In "Javatrekker" Dean collects some of the many charming memoirs of his incessant globetrotting through the coffee lands in a style which both emulates and evokes the very story telling traditions which inhabit these regions. He calls these accounts, quite accurately, "dispatches" since most of the local situations he describes are evolving from dire to hopeful and will obviously require updates beyond the ones he provides. Through Dean's recollections we are introduced to a number of colorful characters, literally sages and saints, idols and heroes, traders and tricksters from all corners of the world but, more than anything, these are people engaged in bettering their lives and those of their kin peacefully and joyfully. Their stories range from the humorous to the tragic, but Dean always manages to describe their struggles with the touching note that conveys to the alert reader that these are hardly any different in their dreams and aspiration from those one meets on our everyday. It is this recurring slice-of-humanity which makes Javatrekker a far better read than most travel or development literature. More than a hybrid of these two popular genres this book is really a "field manual" for a new, global campaign whose time is surely here: one that firmly rejects charity and "aid" as the currency of exploitation in favor of peaceful productive engagement and the local community empowerment which the example of fair trade has proven possible. What propels Dean's trekking is also, quite clearly, the quest for the next stage, beyond fair trade, in this long but ever more necessary bridge between worlds.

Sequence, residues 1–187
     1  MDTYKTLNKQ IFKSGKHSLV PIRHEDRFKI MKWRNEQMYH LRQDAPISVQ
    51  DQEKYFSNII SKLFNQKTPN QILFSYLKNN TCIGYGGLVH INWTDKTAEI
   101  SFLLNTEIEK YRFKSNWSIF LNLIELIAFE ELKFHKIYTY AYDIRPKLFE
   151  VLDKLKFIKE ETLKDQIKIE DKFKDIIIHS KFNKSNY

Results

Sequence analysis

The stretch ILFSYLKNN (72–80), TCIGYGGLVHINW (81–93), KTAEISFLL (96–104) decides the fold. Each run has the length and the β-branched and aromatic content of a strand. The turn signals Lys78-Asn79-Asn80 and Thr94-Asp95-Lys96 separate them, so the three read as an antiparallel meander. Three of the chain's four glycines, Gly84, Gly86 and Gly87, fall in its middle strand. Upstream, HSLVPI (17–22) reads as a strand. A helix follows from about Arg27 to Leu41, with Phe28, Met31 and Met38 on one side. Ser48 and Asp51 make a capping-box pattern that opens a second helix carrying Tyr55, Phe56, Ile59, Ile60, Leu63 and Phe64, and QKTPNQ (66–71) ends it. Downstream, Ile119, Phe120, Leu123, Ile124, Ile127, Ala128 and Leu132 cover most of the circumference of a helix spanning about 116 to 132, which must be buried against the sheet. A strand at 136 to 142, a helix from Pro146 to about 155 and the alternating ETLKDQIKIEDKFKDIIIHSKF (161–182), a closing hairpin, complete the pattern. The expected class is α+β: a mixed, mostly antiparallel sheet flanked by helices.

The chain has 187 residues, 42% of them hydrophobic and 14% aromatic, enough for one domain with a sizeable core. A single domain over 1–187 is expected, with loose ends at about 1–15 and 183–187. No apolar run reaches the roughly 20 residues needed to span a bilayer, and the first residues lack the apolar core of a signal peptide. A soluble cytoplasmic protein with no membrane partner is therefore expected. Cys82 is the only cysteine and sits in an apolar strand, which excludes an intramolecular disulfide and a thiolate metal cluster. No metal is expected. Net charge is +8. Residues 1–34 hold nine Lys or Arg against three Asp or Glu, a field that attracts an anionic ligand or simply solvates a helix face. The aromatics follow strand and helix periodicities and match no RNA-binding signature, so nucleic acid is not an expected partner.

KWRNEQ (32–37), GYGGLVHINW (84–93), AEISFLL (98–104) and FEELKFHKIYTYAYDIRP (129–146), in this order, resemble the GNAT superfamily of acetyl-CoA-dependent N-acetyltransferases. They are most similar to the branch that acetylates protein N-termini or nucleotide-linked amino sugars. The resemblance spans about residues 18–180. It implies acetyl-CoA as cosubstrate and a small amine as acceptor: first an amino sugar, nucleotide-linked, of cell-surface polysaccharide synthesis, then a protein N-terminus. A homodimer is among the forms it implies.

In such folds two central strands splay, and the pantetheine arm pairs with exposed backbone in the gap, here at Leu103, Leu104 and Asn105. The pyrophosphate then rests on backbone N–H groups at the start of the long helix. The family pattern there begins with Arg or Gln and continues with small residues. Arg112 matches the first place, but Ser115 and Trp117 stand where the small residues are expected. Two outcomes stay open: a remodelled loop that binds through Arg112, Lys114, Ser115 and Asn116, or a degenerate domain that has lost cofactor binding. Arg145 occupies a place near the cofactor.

Western fair trade supporters are found to point out that coffee, as a commodity, is second only to oil in total annual volume of trade. They stop short, however, from speculating on what the world would be like if coffee producers had a measure control over their global market even remotely comparable to that which the Oil Cartel exerts over the price of the barrel! Perhaps Fair Trade is still in its early stages and is likely to become the new platform for a globalizing economy concerned with product quality as well as sustainability and climate change. Or maybe it is time to think of a more ambitious formula to fight worldwide inequality in trading justice that may bring about more immediately results. In either case Javatrekker will remain a vital and historical testimonial beyond the delightfully entertaining wild ride that it surely is. GET IT! READ IT! (You will thank me later...)